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The Challenges of Pregnancy and Childbirth Among Women Who Were Not Infected with Ebola Virus During the 2013–2015 West African Epidemic

  • Regan H. Marsh
  • Katherine E. KralievitsEmail author
  • Gretchen Williams
  • Mohamed G. Sheku
  • Kerry L. Dierberg
  • Kathryn Barron
  • Paul E. Farmer
Chapter
Part of the Global Maternal and Child Health book series (GMCH)

Abstract

The 2013–2015 West African Ebola epidemic had a profound impact on the region’s fragile healthcare systems, leading to devastating outcomes for pregnant women. While the direct impact of Ebola virus disease on pregnant women is often clinically described, the second story of women without Ebola—and the worsening of their health outcomes, including increased maternal mortality—receives scant attention. Safe pregnancy and childbirth require access to functional health systems, making pregnant women among the most vulnerable in low-resource settings where health systems are weak. Prior to the Ebola epidemic, Liberia, Sierra Leone, and Guinea had some of the weakest health systems in the world, demonstrated by limited access to Emergency Obstetric Care (EmOC) services and high maternal mortality rates. In this context, with limited staff, stuff, space, and systems that comprise a functional health system, Ebola spread rapidly across the region—causing further devastation to essential functions and limiting essential services for pregnant women. In the context of the Ebola epidemic, outcomes for pregnant women without Ebola worsened, including less access to antenatal care, increased stigma, decreased facility-based deliveries, and decreased access to surgical delivery—leading to an increase in maternal mortality. We describe the efforts of Partners In Health, a nongovernmental organization, to strengthen health services delivery across the pillars of staff, stuff, space, and systems and to improve health outcomes for pregnant women during and following the epidemic.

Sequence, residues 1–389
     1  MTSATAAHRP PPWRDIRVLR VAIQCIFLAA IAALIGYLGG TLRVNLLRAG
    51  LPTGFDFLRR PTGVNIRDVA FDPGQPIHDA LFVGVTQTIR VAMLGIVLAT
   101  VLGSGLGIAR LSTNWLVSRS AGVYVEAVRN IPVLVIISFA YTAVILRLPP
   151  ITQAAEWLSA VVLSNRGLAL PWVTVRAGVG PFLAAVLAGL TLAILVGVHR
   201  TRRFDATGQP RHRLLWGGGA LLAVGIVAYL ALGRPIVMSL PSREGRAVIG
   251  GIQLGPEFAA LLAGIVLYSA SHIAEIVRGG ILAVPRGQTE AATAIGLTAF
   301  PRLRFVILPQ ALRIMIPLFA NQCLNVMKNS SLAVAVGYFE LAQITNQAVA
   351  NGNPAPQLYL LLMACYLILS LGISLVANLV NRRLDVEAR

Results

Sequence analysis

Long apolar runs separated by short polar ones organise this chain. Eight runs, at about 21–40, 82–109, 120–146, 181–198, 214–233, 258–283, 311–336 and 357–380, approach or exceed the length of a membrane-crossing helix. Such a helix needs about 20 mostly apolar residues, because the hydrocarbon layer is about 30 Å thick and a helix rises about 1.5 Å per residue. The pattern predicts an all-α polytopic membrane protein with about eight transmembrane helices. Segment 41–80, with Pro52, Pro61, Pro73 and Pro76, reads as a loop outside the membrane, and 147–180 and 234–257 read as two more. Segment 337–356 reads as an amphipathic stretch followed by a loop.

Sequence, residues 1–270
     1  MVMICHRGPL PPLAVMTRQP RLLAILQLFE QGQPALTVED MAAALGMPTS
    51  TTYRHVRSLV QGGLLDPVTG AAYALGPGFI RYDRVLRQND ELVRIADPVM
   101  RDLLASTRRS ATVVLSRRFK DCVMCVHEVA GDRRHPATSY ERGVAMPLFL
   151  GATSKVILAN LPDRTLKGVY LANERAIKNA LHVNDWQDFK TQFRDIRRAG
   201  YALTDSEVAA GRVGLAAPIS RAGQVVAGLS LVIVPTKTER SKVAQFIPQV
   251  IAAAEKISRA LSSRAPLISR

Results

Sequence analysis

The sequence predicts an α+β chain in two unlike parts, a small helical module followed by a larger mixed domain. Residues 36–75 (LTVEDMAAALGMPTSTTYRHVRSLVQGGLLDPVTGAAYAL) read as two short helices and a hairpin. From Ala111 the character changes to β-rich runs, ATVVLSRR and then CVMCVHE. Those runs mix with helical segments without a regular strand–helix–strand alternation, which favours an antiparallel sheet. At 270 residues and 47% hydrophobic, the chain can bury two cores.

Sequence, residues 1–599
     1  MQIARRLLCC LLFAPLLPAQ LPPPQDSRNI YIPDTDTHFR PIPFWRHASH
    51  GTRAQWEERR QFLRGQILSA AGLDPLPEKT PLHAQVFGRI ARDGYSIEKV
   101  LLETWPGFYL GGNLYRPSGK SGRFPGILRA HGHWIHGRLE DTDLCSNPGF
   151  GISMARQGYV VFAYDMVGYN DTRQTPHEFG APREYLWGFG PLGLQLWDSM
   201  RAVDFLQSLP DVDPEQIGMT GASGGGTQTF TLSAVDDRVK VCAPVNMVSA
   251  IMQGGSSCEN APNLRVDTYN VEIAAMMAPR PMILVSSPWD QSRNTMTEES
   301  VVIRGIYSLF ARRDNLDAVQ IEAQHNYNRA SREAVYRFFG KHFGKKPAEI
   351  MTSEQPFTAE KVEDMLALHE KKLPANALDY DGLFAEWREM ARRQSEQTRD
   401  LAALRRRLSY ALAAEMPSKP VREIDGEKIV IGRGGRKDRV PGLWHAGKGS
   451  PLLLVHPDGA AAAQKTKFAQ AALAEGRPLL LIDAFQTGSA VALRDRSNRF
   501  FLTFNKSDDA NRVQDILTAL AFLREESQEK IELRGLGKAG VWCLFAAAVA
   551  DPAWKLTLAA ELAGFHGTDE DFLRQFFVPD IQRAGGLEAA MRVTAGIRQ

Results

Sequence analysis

Keywords

Health systems strengthening Pregnancy Maternal mortality West Africa Ebola Emergency obstetric care Antenatal care Human resources Infrastructure Supply chain Emergency response Uninfected women Partners In Health Epidemic response Healthcare system Caesarean section 

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Copyright information

© Springer Nature Switzerland AG 2019

Authors and Affiliations

  • Regan H. Marsh
    • 1
    • 2
    • 3
  • Katherine E. Kralievits
    • 1
    • 3
    Email author
  • Gretchen Williams
    • 1
    • 3
  • Mohamed G. Sheku
    • 4
  • Kerry L. Dierberg
    • 1
    • 5
  • Kathryn Barron
    • 1
  • Paul E. Farmer
    • 1
    • 2
    • 3
  1. 1.Partners In HealthBostonUSA
  2. 2.Division of Global Health EquityBrigham and Women’s HospitalBostonUSA
  3. 3.Department of Global Health and Social MedicineHarvard Medical SchoolBostonUSA
  4. 4.Koidu Government HospitalKoiduSierra Leone
  5. 5.Division of Infectious Diseases and ImmunologyNew York University, School of MedicineNew YorkUSA

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